In this classic text, William G. Weissert and Carol S. Weissert describe how government and private interests help define health policy. Under the Obama administration, the federal government took a broadened role in setting health policy and insurance regulations. But the succeeding Trump administration and a Republican congress threatened to dismantle the Affordable Care Act (ACA) and its core tenets. Chronicling these recent important changes, Governing Health explores the political science theory behind this and other major shifts in national health policy.
In this thoroughly updated edition, the authors describe how party polarization, a virulent anti-government movement, populist presidential politics, and the demise of "regular order" in Congress shape and define a new approach to health policy. This revised edition also
• offers a comprehensive synthesis of Obamacare, touching on everything from Accountable Care and Pay for Performance to insurance industry reforms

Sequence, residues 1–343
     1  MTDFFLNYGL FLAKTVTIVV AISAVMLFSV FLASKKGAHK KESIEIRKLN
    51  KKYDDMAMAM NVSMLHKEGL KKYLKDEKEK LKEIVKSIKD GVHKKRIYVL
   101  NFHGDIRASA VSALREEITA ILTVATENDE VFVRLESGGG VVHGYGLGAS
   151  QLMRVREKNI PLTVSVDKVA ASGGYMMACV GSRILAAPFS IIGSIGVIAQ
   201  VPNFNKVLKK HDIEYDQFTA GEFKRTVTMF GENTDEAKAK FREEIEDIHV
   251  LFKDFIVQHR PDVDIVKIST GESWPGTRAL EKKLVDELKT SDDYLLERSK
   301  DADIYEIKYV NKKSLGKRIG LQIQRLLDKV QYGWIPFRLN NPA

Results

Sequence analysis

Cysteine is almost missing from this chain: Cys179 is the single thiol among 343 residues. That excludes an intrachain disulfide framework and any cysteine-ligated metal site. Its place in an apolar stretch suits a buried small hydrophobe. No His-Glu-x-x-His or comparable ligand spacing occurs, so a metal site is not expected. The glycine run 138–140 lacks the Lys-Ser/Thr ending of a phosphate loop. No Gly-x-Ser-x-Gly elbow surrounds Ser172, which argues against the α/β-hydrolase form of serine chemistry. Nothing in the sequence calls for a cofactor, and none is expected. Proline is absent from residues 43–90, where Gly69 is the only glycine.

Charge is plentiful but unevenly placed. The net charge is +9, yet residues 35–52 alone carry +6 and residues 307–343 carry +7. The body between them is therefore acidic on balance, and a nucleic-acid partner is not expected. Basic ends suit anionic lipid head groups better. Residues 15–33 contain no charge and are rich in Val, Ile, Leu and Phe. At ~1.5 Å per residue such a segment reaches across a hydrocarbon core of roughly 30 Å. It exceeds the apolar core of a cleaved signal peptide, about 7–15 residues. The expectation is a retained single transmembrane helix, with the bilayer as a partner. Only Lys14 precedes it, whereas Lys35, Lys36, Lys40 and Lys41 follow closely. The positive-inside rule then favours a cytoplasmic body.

• highlights the important role of social media in building opposition to universal coverage
• tracks passage of the new Medicare physician payment reform, MACRA
• analyzes presidential executive orders and administrative rulemaking in dismantling the Affordable Care Act
• examines the implications of Supreme Court decisions on Medicaid expansion and state health policy
• updates all statistics, charts, and tables
This new edition of a highly respected book guides readers toward a deep understanding of modern health policy's complexities. Drawing on compelling current examples, Governing Health is a timely and essential book.
|Publisher:||Johns Hopkins University Press|
|Edition description:||fifth edition|
|Product dimensions:||5.90(w) x 8.90(h) x 1.10(d)|
|Age Range:||18 Years|
About the Author
William G. Weissert is a professor of political science at Florida State University and a professor emeritus at the University of Michigan School of Public Health. Carol S. Weissert is the LeRoy Collins Eminent Scholar and a professor of political science at Florida State University.
Table of Contents
Chapter 1. The Policy Process
Chapter 2. Congress
Chapter 3. The Presidency
Chapter 4. Interest Groups
Chapter 5. The Bureaucracy
Chapter 6. States and Health Care Reform